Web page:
Shannon attempted to measure the average information content of the English language by reading the letter of a book to his wife and seeing if she could guess the next letter. Current estimates out the answer at about 1.5 bits per letter. If all 26 letters were equally likely, this would be Log2(26)=4.7 . The greatly reduced information content represents the redundancy inherent in language, which is an intentional solution for the inevitable errors in transmission. This led Shannon to another remarkable result; no matter how noisy the channel is, it can still be used to communication, as long as you are OK with error-correcting algorithms and slow bandwidth. Conversely, you can use compression algorithms to reduce redundancy to increase the rate of information transfer. If you were paying by the letter, you might just get rid of all of these trailing “u”s after “q”s and save yourself some money. Similar considerations for people sending telegrams (paying by the word) or, more contemporary, using Twitter (limited to 140 characters), crop up, and standard abbreviations have come into common usage as a result. One of the big revolutions in digital media streaming, Netflix, Spotify, et al, is not just the “wider pipes” of the internet, but better compression algorithms for sending music and video.

What about the connection with physics? The reason the measure of information is called the “Shannon Entropy” is that the formula is identical to the one for the thermodynamic entropy of the system. As detailed on the Hammock Physicist, a good way to think about entropy is the amount of information you would need to specify the particular state the system is in. In the terms of statistical mechanics, the amount of additional data you would need to pick out the specific microstate a system is in, once you know the macrostate. This can be a lot of information, if you system is, lets say, an ideal gas in a canister. Even after you have measured all of the observable s like pressure and temperature, you would still be missing the location and velocities of the all bazillions of individual gas molecules. While this is already suggested by the Boltzmann formula for entropy:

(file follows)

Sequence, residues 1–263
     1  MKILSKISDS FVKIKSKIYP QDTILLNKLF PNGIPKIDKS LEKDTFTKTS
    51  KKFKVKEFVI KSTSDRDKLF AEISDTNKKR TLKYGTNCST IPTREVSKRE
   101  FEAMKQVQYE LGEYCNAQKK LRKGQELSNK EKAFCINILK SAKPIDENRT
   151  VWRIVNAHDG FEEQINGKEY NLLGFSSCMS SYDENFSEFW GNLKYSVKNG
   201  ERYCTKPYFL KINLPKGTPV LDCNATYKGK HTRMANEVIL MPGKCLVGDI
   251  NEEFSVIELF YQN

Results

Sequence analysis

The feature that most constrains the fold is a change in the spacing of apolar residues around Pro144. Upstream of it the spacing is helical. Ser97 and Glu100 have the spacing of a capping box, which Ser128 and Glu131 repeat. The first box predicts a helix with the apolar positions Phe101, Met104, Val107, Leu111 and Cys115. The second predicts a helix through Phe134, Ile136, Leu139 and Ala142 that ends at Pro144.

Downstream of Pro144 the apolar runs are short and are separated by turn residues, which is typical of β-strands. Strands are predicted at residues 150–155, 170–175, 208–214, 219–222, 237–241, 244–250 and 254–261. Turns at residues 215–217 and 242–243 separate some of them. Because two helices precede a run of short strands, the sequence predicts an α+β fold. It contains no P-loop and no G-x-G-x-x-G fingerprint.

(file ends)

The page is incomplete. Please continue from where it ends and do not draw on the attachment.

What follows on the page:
S = k ln Γ, where Γ is the number of microstates, it is not obvious why the total entropy of a system either increases or stays the same. In other words, while it makes sense that a system, left to its own devices, will generally evolve to macrostates with more microstates (eg. more probable), but it is not a trivial consequence. But if you think about entropy in terms of information, the second law falls right into your lap:

The bit count, also referred to as the entropy, measures missing information. To put this slightly more precise: entropy quantifies the detailed information we lack about the system. It is the minimum number of additional bits that you need in order to be able to fill in the hidden information and to describe the energy configuration of the system down to its finest details. The second law of thermodynamics states that this missing information can’t decrease. If we are ignorant about the finer and fast details of the system, that ignorance can not disappear due to the system evolving. Ignorance can spread and grow, but  it can’t disappear. That’s all there is to the much celebrated second law. (You are not disappointed, are you?)

That is, you can’t gain information about a system just by letting it evolve. In fact, your ignorance only grows as time goes on (see Chaos Theory).

 

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Author: lnemzer

Assistant Professor Nova Southeastern University